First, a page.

I’ve just posted a really long piece over on the Hack Day blog about the various people from Yahoo and the BBC who are going to be coming to Alexandra Palace in a little over two weeks. Sorting out the speakers has been really surprisingly easy and good fun because everyone’s been so keen to come over and play. Nearly everyone I’ve wanted to come is coming, and will be around not just for their talk on the Saturday morning but for the whole weekend.
Some names and projects really stand out for me. Jonathan Trevor‘s going to be talking about Yahoo! Pipes which is a project that emerged out of the TechDev party of Yahoo that until recently I was working for. I remember Pasha Sadri mentioning this idea he had when Simon and I first joined the place, and it’s been really gratifying to see it come to fruition. Jonathan, who is coming over to speak, has been heavily involved in the whole project from really early on, and did an enormous amount of work on the incredibly stylish engine for manipulating feeds. Having him come over is really cool.
I’m also really excited to have Tristan Ferne and Chris Bowley from BBC Audio & Music Interactive coming. Tristan runs the my old R&D team at the BBC. We overlapped for a while, and one of the results of that time was the Annotatable Audio project which has now become Find Listen Label. He’s going to be talking about ‘Things to make and do’ at those places where media and technology collide. Very excited about that. Looking forward to seeing what they’ve been up to.
Another session that I’m personally really thrilled about is Aaron Straup Cope and Dan Catt—both of whom work with Cal Henderson at Flickr—doing a session on Machine tags. I don’t know that Machine tags have really got the press they deserve, and I was particularly excited to get them coming to talk about them because they’re (as far as I know) totally non-proprietary. It’s really just a concept that Flickr have pushed further than most other organisations. I’m particularly fascinated by it because it’s all about taking the machine-readability of tags and extending it massively, with lightweight and community-generated schemata allowing any object to have an almost infinitely extensible pseudo-database of information attached to it. I’m not explaining it very well. If you want to know more, you should read up on Flickr’s implementation of Machine tags.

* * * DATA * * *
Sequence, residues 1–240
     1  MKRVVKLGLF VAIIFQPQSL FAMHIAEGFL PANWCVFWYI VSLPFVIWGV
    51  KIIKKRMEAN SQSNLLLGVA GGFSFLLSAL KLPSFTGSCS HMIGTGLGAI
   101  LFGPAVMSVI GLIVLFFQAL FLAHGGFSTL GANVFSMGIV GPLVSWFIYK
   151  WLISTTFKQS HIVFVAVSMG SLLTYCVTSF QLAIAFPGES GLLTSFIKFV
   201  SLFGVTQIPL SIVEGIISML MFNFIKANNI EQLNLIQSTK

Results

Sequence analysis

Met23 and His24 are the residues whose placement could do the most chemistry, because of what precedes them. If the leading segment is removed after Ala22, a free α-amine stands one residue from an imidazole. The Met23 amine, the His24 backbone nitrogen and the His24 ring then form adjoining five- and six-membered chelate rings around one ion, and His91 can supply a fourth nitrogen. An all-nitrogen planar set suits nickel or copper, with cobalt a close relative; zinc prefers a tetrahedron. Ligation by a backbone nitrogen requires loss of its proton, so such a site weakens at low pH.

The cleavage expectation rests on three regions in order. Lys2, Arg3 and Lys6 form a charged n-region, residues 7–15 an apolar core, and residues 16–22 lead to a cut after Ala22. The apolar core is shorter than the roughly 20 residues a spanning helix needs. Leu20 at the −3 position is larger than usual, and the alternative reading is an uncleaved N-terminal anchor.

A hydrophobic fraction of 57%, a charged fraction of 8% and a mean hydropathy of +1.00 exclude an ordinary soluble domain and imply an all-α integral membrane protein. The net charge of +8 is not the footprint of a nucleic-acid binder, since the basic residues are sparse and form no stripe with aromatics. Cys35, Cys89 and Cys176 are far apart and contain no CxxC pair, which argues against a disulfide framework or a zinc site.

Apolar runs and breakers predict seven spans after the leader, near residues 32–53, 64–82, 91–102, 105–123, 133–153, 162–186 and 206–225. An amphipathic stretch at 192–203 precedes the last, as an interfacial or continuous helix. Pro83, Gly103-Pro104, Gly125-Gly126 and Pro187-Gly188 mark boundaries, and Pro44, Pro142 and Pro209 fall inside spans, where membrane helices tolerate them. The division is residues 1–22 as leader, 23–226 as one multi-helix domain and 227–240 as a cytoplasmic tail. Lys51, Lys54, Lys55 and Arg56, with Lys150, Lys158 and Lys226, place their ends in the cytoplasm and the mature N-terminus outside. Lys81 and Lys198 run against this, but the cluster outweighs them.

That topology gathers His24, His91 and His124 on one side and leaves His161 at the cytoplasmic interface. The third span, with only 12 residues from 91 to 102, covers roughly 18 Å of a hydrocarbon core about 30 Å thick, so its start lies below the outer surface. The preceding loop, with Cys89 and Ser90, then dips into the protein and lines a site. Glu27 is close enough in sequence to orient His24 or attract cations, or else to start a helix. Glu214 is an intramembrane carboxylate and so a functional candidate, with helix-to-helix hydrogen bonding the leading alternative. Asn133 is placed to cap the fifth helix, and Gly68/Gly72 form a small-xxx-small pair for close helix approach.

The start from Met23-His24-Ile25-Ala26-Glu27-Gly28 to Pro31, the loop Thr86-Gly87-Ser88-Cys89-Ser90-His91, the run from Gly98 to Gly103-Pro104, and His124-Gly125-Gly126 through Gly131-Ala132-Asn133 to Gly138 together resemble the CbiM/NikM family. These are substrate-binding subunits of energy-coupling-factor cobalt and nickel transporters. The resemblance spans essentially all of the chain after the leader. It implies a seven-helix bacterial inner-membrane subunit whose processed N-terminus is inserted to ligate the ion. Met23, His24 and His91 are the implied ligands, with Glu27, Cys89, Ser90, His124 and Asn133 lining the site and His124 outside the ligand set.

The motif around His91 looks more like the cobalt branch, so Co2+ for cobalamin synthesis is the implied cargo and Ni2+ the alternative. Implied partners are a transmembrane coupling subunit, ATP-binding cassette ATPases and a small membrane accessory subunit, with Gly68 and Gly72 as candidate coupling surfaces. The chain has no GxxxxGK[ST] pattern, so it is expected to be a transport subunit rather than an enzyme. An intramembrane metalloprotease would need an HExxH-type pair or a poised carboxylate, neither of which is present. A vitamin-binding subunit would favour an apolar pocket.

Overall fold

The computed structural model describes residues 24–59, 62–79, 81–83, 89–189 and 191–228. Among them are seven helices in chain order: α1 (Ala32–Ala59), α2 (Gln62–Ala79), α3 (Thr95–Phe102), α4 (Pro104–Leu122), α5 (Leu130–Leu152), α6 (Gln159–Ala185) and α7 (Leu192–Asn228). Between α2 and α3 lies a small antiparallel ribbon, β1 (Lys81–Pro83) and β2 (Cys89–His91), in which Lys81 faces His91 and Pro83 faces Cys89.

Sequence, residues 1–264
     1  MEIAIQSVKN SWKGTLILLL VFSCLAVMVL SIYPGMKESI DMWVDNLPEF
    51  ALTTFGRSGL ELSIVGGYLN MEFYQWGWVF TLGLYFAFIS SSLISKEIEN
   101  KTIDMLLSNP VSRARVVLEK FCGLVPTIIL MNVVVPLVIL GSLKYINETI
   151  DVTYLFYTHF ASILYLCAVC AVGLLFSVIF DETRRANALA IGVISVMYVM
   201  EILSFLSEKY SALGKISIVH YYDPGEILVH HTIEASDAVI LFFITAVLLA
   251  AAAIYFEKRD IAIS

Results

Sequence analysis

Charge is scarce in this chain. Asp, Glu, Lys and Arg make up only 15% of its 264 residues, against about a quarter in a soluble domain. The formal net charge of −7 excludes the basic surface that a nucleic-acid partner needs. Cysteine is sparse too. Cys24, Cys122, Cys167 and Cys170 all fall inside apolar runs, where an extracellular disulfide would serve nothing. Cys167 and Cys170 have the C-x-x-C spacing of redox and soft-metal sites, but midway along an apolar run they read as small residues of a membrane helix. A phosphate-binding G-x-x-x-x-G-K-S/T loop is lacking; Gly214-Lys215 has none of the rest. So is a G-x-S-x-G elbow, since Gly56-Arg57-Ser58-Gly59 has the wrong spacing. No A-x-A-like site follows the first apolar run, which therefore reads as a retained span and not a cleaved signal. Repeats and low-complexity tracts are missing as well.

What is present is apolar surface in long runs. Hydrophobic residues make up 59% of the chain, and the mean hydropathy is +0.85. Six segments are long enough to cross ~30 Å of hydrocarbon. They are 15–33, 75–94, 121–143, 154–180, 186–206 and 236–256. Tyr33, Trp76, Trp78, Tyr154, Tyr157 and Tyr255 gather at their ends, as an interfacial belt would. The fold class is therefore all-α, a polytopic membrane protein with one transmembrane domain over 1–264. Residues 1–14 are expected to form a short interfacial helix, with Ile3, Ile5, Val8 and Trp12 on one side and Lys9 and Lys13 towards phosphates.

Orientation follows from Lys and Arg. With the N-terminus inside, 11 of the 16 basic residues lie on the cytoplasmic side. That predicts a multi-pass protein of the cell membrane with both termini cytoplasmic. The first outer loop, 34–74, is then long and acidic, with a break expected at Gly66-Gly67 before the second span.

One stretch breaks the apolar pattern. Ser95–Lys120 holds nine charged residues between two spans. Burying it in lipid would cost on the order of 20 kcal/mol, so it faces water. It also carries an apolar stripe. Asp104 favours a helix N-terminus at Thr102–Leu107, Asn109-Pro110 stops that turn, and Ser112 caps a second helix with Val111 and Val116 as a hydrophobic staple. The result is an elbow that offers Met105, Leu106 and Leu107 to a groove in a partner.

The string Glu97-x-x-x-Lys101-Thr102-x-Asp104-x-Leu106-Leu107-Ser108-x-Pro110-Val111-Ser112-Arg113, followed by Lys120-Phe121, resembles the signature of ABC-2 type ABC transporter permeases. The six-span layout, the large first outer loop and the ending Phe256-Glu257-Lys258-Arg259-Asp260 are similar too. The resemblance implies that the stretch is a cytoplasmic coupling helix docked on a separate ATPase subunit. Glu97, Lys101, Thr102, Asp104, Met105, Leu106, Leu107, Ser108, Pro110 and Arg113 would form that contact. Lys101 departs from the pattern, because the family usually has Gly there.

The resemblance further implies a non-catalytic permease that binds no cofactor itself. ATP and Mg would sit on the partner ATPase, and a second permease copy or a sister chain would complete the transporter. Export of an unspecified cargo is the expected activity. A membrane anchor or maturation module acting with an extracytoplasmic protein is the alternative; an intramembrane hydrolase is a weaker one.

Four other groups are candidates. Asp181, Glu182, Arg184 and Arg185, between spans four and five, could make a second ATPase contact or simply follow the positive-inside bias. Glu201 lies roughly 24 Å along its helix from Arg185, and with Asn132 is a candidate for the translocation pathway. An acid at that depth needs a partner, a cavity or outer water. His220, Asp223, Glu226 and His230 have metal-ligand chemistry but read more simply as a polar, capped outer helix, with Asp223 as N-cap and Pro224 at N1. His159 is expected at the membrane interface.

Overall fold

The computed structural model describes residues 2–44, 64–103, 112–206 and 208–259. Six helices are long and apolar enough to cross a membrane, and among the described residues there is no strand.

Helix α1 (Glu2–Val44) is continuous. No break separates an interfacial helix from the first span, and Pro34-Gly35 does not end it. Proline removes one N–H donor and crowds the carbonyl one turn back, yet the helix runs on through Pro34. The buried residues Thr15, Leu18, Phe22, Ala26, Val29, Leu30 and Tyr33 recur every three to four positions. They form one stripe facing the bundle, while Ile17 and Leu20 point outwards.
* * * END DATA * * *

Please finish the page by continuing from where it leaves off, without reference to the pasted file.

Speaking of old-friend and fellow (ex) UK Blogger Cal Henderson, he’s coming to Hack Day as well. He’ll be doing his barn-raising rendition of ‘Why Flickr’s Web Services Rule’ (or something suitably kitten filled). So that can’t help but be awesome. I’m hoping for a few rousing games of Faceball too.
Er. Who else have we got? Obviously backstage.bbc.co.uk‘s main culprits Matt Cashmore and Ian Forrester are going to be performing. We’ve got Christian Heilmann and Nate Koechley talking about YUI, Kent Brewster doing a Yahoo/BBC mash-up in an hour and Bradley Wright talking about Yahoo! Answers APIs. And if that’s not enough for you, if you’re into Geo stuff we’ve got Mirek Grymuza talking about Yahoo! Maps APIs and Mor Naaman from Yahoo! Research Berkeley, who are responsible for such projects as Zonetag and TagMaps.
Oh! Which reminds me. There’s a project that Paul Hammond and Simon Willison and I started working on late last year with Mor and the YRB crew that I’m also hoping we’ll be able to show off at the event. I’m not yet clear on whether we’ll be doing a session on that yet. I guess I’ll see how the next couple of weeks goes.
There’s more news to come about some of the other people coming to the event, but some of that’s in the air at the moment. Hopefully we’ll have more to talk about on Monday or Tuesday next week. Keep watching the Hack Day blog and backstage.bbc.co.uk in the meantime…
One reply on “Who is speaking at Hack Day?”
Ooh, machine tags. Speaking as a jaded old pessimist, I’m almost excited about that stuff. Folk RDF? Can it be? (I mean, probably not, but still…)